Wanda Gág: The Girl Who Lived to Draw
by Deborah Kogen Ray
This is a nice picture book biography portrait of the author/illustrator of the beloved Caldecott winner Millions of Cats. Wanda Hazel Gág had a very hard life, losing her father to tuberculosis at age 15. Despite the hardships, she managed to support her six younger sisters on an artist's salary, retaining her cheerful disposition. Her exposure to German fairy tales, and the cozy family times inspired a lot of the tone and feel of her picture books.
I think Ray may have exaggerated with the claim that Millions of Cats (first published in 1928) was "the first modern picture book." What about Beatrix Potter's Peter Rabbit (1902)? Randolph Caldecott's The Diverting History of John Gilpin (1878), although it is in a now-familiar picture book layout, is debatable as a "true" picture book since the storyline, about a drunken horse ride by the title character could arguably said to appeal to adults more than children. Nevertheless, it is the very book that inspired the Caldecott award which Gág was to later win. I also wondered about the claim that Gág invented double-page spread illustrations. Interestingly, the mixed media full-color soft charcoal illustrations in this biography were all single page, with accompanying wordy text opposite. These minor quibbles aside, this is a lovely book, and serves as a rallying call to anybody who has ever wanted to make a life for themselves in the arts.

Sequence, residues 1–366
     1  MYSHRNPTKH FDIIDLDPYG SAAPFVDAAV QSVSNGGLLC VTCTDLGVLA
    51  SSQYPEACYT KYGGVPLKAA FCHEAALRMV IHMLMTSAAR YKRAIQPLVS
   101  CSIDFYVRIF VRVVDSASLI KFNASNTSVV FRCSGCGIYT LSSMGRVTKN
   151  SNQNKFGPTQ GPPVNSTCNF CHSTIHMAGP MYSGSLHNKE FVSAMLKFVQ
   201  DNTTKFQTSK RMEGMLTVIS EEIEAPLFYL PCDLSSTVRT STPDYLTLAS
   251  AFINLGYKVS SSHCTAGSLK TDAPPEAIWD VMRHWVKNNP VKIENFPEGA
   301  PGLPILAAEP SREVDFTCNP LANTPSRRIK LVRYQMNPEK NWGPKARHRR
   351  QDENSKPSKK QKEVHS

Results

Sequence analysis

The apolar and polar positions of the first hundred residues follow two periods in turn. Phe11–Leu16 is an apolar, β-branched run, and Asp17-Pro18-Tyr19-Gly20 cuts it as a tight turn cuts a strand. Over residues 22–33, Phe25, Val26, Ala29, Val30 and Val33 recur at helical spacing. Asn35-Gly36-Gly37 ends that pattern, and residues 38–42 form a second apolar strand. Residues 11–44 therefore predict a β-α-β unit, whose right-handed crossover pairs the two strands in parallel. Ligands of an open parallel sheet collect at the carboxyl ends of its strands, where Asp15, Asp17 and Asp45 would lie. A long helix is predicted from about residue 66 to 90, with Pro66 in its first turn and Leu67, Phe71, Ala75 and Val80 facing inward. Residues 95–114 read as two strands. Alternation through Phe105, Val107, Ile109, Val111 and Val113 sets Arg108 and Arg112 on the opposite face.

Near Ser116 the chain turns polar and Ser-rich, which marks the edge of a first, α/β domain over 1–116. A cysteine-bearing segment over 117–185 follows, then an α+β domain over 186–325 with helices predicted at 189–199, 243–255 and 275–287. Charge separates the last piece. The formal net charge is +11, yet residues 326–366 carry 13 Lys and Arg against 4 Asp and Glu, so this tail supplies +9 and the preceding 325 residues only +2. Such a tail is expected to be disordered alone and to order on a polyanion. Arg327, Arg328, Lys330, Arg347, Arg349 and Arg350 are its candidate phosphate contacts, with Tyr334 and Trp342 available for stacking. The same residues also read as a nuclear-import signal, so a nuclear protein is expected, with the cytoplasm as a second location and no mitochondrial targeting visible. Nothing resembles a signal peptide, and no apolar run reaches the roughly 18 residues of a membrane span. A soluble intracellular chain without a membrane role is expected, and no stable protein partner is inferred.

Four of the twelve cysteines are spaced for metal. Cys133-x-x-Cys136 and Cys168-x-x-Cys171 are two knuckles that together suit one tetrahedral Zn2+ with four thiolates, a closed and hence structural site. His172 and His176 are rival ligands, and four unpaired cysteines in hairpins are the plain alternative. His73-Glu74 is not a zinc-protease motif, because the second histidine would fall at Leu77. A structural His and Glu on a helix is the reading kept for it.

I borrowed this book from the library.